Goodnight Raleigh - a look at the art, architecture, history, and people of the city at night

Needham Broughton High School, Raleigh, N.C.

Broughton High School_web

With the school year winding down to a close, Flashback Friday drops in this week on Raleigh’s oldest high school still in use — Needham B. Broughton. The monumental building has stood prominently at the corner of Peace and Saint Mary’s Streets since 1929.

Broughton High School_back_web

Constructed in 1930. One of Raleigh’s two new and modern high schools. The enrollment at each is over one thousand.

The card was postmarked June 28, just in time to be received by ‘Margo’ before the July 4th holiday.

Dear Margo
Can’t you come up Sat & stay thru Wed or Thurs? I just found out I get off on the 4th. Call me if you can at 32045. If you can’t, don’t call.
Martha
(Can’t you come  by yourself just once on the bus. Maybe Fran can come to see [illegible].)

I wonder if Margo ever did take that bus to Raleigh all by herself?

A Young Architect’s First Major Commission

During the 1920s Raleigh’s center of population was shifting away from downtown to the new middle class suburbs sprouting up in the northwest precincts of the city.

Although a magnificent new high school (Hugh Morson High School) had been erected near Moore Square in 1924, within just a few years the school system found itself grappling with the steep rise in high school aged students and the migration away from the city center. Thus, the board opened a design competition for a new high school to be built in the northwest part of town.

William Henley Deitrick opened his architectural practice in 1927, the same year he entered the design competition. Deitrick had worked for the school board since 1925 as supervisor of construction of the half dozen or so school buildings built in Raleigh in the mid-1920s.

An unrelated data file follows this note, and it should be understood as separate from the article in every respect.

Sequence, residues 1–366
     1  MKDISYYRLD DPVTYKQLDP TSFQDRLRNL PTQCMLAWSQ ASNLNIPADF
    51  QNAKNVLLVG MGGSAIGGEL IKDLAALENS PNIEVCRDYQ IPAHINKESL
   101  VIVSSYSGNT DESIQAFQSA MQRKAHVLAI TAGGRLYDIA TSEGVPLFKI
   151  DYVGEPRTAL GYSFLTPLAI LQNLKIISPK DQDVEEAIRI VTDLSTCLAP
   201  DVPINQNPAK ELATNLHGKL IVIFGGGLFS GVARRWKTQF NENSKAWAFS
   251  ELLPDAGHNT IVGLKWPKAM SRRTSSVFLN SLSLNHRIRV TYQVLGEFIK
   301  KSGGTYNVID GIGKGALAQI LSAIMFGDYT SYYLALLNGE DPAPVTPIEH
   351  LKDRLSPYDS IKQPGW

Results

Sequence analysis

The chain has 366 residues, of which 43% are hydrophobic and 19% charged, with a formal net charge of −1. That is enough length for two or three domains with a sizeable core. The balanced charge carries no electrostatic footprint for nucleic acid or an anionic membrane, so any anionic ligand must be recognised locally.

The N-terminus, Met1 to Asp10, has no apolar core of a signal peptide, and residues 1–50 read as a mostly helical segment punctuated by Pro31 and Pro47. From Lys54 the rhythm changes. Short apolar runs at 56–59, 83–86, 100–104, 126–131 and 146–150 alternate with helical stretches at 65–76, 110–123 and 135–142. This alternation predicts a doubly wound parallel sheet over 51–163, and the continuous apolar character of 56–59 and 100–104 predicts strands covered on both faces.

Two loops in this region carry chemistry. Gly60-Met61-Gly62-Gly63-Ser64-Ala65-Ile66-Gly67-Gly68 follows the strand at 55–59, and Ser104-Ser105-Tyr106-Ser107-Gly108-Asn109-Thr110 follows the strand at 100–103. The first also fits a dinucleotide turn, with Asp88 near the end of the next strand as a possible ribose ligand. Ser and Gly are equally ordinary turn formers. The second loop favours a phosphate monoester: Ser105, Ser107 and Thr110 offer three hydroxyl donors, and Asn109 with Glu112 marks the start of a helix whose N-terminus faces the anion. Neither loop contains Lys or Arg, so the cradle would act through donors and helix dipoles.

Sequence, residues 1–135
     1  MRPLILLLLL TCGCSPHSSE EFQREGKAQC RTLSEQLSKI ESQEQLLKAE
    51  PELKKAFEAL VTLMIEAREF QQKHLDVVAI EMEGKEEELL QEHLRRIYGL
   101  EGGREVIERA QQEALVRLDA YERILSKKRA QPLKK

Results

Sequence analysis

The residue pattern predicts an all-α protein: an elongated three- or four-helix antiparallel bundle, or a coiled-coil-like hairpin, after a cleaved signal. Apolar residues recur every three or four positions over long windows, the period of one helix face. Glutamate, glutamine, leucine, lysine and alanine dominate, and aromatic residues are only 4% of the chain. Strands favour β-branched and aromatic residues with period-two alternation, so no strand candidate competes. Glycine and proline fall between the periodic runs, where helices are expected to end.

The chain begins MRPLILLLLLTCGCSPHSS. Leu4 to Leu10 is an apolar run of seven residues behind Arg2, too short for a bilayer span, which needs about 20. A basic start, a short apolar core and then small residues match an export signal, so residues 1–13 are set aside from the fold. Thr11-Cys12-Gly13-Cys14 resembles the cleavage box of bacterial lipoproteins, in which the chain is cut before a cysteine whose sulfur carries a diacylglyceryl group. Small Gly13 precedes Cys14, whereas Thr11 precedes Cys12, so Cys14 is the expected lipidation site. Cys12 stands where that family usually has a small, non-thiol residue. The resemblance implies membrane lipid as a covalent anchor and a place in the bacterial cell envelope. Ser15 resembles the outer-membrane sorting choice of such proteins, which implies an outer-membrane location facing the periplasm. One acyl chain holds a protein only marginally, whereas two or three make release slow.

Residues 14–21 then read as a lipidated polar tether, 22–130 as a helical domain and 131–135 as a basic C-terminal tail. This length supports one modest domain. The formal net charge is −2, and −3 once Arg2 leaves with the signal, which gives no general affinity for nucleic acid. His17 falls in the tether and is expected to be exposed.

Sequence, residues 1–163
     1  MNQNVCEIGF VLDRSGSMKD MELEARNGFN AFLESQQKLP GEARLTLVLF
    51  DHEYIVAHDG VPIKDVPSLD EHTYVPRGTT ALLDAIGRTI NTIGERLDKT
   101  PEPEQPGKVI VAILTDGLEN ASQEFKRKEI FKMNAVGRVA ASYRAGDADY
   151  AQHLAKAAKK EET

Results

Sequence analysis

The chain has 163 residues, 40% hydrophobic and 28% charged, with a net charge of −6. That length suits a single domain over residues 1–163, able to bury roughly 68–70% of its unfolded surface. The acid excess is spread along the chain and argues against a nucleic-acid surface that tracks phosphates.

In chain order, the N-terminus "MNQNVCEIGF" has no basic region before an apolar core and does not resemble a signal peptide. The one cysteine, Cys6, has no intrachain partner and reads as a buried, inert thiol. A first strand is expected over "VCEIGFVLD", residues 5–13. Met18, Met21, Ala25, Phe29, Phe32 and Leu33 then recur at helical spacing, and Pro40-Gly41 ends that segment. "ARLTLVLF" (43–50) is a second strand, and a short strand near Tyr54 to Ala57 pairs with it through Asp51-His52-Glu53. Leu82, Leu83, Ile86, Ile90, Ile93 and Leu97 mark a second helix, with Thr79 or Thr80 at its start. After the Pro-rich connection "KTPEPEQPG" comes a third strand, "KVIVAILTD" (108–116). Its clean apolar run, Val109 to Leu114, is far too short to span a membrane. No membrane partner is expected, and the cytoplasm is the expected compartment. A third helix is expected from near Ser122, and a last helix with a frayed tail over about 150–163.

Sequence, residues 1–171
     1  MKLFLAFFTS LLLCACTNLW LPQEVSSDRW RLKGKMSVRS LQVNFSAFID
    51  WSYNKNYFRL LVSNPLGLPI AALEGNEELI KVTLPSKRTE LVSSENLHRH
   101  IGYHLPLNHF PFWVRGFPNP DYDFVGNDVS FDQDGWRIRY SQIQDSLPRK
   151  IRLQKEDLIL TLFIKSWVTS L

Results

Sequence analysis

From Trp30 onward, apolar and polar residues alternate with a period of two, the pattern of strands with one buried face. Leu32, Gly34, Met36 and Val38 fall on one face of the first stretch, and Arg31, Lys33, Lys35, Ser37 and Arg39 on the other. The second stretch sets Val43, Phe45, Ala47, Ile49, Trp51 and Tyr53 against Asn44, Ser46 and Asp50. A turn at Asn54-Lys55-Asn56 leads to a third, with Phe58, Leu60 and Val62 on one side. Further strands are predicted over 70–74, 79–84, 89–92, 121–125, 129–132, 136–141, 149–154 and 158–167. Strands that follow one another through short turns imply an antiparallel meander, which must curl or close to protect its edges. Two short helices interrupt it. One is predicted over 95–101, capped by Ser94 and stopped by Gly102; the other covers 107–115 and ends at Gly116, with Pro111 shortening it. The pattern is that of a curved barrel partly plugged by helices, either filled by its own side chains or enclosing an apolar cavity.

The young architect’s bold proposal was unlike any other seen heretofore in North Carolina school design. Although a dozen well-seasoned architects vied for the commission, Deitrick was awarded the contract — despite the fact that “some architects complained about the selection of a young ‘newcomer’…” (Elizabeth Waugh, “Firm In an Ivied Tower”)

The high school design received an award from the American Institute of Architects in 1930 and catapulted Deitrick’s career as a successful and respected architect.

Deitrick embraced the modernist aesthetic in the mid-1930s, and his firm became known for many of Raleigh’s finest modernist buildings, including the Nehi Building (1937), the Rex Hospital Nurses Home (1938), Carolina Country Club (1948, demolished), NC State Student Union (1950), and Dorton Arena (1951).

Broughton High School and …

The design of Raleigh’s new high school has been characterized as “Italian Lombard Gothic with Romanesque motifs.” The original building (many additions have been made over the years) is 414 feet long and 236 feet deep. It is built of steel and reinforced concrete, and is faced with Wake County granite.